2 female students having coffee
August 15, 2019
4 mins read

Why it's smart to budget and where to start

For many new university students, learning to be responsible with money is one of the biggest adjustments.

For me, the turning point came when my dad informed me that if I continued my—at the time—current coffee habit (one grande vanilla soy latte purchased on the walk from Totem to Buchanan every morning), I would spend $500 at Starbucks by the end of my first semester.

As a kid who had lived with her parents for her entire life, I had never had to think about my money in that way—as something that came from somewhere and had to be allocated in certain ways. How was I spending the money that was available to me? What were my priorities? Could I be making better choices?

So that’s when I decided I needed to learn to budget. It’s an important step to gaining independence, but it’s hard to know where to start.

Even the most basic questions can seem confusing when you’re starting something new, so here’s the 5 Ws of budgeting, answered:


A budget is basically just a list of all of your expenses and how much money you feel you can reasonably devote to each of them within a certain period of time. It’s easiest to break it down on a month-to-month basis since that’s how most bills work.

Categories might include practical considerations like rent, internet, and groceries, but don’t forget about your more fun expenses. Stuff like movies, drinks with friends, and shopping can really hit you where it hurts if you don’t plan for them.

Who? When?

You. Now.

Everyone should always have a budget. Having a handle on how much money you have and what you’re using it for is key to financial wellness and independence, no matter whether you have a salary, scholarships, help from your parents, or all (or none) of the above.


A good starting point is the UBC cost calculator. You can use it to figure out generally how much money you have coming in and how much you’re likely to spend.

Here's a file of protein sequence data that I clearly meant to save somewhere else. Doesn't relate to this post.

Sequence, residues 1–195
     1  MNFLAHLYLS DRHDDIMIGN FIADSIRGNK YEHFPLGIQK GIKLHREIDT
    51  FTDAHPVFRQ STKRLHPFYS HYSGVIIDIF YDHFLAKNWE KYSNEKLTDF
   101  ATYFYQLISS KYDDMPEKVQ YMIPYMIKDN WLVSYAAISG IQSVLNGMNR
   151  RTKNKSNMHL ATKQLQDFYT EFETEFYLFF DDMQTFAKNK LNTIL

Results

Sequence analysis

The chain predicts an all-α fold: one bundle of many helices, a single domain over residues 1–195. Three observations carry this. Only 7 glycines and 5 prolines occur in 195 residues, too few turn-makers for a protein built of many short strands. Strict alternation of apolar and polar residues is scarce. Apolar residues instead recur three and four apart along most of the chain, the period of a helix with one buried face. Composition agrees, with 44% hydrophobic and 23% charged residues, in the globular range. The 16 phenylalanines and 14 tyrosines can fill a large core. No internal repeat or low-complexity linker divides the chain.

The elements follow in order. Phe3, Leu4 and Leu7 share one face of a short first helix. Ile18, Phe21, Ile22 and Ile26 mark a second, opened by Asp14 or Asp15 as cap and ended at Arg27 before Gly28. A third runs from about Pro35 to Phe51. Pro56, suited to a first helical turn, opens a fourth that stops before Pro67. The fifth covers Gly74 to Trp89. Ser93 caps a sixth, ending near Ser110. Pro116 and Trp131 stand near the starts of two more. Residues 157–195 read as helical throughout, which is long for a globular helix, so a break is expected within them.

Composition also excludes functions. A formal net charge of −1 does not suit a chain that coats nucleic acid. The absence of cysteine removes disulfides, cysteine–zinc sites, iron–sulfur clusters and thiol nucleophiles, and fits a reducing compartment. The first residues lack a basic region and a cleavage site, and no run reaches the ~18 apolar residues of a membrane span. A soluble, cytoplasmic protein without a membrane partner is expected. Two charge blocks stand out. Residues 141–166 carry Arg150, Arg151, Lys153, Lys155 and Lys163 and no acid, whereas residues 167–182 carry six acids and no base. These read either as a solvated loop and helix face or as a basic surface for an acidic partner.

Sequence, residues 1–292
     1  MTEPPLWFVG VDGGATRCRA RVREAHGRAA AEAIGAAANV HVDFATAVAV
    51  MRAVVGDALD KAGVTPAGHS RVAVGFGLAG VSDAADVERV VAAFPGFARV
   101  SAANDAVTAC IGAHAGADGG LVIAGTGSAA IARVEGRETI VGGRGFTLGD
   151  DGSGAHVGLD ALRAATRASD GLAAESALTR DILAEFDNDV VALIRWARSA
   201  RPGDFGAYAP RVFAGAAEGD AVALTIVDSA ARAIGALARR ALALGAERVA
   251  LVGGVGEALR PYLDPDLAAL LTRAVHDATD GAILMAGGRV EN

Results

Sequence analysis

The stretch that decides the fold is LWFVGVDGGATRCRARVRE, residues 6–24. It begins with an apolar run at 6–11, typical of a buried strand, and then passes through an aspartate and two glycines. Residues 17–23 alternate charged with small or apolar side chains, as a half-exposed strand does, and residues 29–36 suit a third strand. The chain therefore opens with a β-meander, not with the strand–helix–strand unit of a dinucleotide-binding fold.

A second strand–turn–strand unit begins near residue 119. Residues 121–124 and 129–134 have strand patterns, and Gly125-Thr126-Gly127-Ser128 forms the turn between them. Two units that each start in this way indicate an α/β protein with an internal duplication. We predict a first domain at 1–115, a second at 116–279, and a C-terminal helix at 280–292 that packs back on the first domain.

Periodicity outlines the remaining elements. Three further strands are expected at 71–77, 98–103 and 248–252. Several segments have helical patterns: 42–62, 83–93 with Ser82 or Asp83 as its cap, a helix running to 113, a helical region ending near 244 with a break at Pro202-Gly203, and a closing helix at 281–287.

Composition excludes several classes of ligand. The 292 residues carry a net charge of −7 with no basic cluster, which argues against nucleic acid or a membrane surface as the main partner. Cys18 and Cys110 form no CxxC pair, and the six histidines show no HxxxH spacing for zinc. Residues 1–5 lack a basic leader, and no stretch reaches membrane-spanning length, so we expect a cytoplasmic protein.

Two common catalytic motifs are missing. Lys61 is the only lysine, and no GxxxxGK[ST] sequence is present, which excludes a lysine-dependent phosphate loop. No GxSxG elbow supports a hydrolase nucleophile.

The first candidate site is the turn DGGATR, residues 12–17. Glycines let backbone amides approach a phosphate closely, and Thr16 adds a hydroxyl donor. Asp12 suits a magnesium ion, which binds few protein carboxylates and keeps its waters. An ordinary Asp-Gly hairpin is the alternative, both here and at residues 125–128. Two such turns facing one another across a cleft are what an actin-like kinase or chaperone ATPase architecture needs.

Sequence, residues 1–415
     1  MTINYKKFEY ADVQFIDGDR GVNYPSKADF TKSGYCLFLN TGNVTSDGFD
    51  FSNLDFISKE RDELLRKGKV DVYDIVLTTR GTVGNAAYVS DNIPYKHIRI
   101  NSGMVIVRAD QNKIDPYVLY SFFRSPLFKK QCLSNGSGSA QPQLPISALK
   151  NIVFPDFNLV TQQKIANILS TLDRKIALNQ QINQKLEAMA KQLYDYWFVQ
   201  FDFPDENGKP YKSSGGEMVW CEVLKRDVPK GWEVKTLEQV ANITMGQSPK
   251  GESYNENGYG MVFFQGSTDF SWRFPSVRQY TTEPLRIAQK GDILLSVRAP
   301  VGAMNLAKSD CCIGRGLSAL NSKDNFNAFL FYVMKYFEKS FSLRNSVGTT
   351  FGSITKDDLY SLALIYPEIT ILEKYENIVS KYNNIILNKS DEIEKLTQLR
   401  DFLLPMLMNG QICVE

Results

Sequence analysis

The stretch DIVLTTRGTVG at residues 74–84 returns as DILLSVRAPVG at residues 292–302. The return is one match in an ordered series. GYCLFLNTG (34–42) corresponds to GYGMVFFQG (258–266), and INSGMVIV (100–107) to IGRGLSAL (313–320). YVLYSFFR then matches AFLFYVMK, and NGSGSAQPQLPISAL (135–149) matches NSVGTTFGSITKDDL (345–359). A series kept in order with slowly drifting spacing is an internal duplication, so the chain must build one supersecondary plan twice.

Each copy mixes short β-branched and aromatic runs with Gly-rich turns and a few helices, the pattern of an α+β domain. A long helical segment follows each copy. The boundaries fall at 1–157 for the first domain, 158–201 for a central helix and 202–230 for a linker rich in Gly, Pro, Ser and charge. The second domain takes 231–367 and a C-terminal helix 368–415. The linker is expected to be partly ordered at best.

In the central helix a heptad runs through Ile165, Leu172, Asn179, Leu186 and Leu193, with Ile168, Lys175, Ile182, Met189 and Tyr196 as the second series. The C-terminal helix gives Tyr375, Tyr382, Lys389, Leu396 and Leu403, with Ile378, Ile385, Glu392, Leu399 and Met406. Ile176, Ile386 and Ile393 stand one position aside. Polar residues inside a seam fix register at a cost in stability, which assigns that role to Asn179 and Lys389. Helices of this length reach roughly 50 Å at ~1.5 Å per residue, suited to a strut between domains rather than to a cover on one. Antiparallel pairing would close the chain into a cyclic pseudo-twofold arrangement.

Next, make a more detailed plan that breaks down your expenses by category. What do you usually spend your money on? Do you have a gym membership, a foodie streak, or a penchant for splurging on fancy stationery? Account for all of these ahead of time. (If you’re from out of town and not sure what things cost in Vancouver, check out our handy expense guide to help you budget better.)

You can use this spreadsheet template to organize yourself, or (if you’re not a fan of Excel), this Budget-Planning Worksheet can also do the trick. Or build your own.

The key thing is that you’re aiming to be “in the green”. Your total income—whether it’s from a job, savings, a student loan, etc.—should work out to more than what you’re planning to spend.

Personally, I use the Mint app, which connects directly to your bank account and sends you notifications when you’re in danger of going over budget. It’s easy to use and super convenient since it’s always accessible on your phone and updates automatically. There are tons of great apps like this, including Wally, You Need A Budget, Good BudgetMoney Lover, and Mvelopes.


At least for me, coming to UBC was all about gaining independence. I wanted to be my own person, so I moved halfway across the country and threw myself into a whole new life.

Even if that’s not your situation, you (and all of your fellow students) are still at a major transition point. Now is the time to start making decisions for yourself and for your future. It might feel like you have enough money to get you through your first year—but without a plan, the costs of university can quickly add up.

In the long run, would you rather have a fancy coffee every morning, or use that extra cash to benefit yourself down the line—like saving for a trip to Europe or that new laptop you’ve been eyeing? Or maybe it’s as simple as feeling the satisfaction of keeping your bank balance stable and your credit score high. 

In any case, budgeting is pretty much the best habit you can have (definitely better than daily Starbucks). If you’re not worrying about money, you’ll have more time to focus on what matters. Whatever your goals, you’ll be grateful later!

Additional resources

You can find more budgeting resources on our Financial Planning page.

For more hands-on help, consider attending a Financial Wellness workshop. Enrolment Services Advisors offer these workshops throughout the year to help students navigate topics like budgeting, student loans, and taxes—and best of all, they’re free!

Upcoming workshops are always listed at the bottom of the Finances page—so be sure to bookmark this page. Here are a few sessions that are coming up:

If you ever run into financial barriers (or just feel you need some more personal advice on managing your money), contact your ES Advisor—they're here to provide support. Log in to your Student Service Centre and go to Personal Info > UBC Contacts to find your advisor’s info.

For more thoughts on how to talk and think about money, I also highly recommend The Financial Diet, a blog about how to achieve financial health and make it fun.

We often think of budgeting as something boring or restrictive, but it doesn’t have to be that way. Keep your financial goals realistic and make sure to leave a little room for things that make you happy.

Remember, in the end, budgets exist to make it easier for you to enjoy your life!